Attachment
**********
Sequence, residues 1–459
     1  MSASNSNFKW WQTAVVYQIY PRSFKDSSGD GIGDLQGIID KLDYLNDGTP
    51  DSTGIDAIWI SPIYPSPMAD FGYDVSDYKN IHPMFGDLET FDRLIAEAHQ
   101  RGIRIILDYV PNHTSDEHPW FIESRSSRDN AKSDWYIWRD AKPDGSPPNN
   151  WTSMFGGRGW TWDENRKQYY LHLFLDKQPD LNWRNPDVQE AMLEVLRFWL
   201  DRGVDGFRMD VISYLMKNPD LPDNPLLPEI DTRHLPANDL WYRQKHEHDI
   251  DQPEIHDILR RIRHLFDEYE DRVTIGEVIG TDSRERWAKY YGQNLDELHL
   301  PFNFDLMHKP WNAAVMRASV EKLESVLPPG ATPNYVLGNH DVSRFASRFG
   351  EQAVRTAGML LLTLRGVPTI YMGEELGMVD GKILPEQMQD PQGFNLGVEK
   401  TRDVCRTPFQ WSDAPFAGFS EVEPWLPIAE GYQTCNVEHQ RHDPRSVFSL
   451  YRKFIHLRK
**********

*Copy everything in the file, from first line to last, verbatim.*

Sequence, residues 1–459
     1  MSASNSNFKW WQTAVVYQIY PRSFKDSSGD GIGDLQGIID KLDYLNDGTP
    51  DSTGIDAIWI SPIYPSPMAD FGYDVSDYKN IHPMFGDLET FDRLIAEAHQ
   101  RGIRIILDYV PNHTSDEHPW FIESRSSRDN AKSDWYIWRD AKPDGSPPNN
   151  WTSMFGGRGW TWDENRKQYY LHLFLDKQPD LNWRNPDVQE AMLEVLRFWL
   201  DRGVDGFRMD VISYLMKNPD LPDNPLLPEI DTRHLPANDL WYRQKHEHDI
   251  DQPEIHDILR RIRHLFDEYE DRVTIGEVIG TDSRERWAKY YGQNLDELHL
   301  PFNFDLMHKP WNAAVMRASV EKLESVLPPG ATPNYVLGNH DVSRFASRFG
   351  EQAVRTAGML LLTLRGVPTI YMGEELGMVD GKILPEQMQD PQGFNLGVEK
   401  TRDVCRTPFQ WSDAPFAGFS EVEPWLPIAE GYQTCNVEHQ RHDPRSVFSL
   451  YRKFIHLRK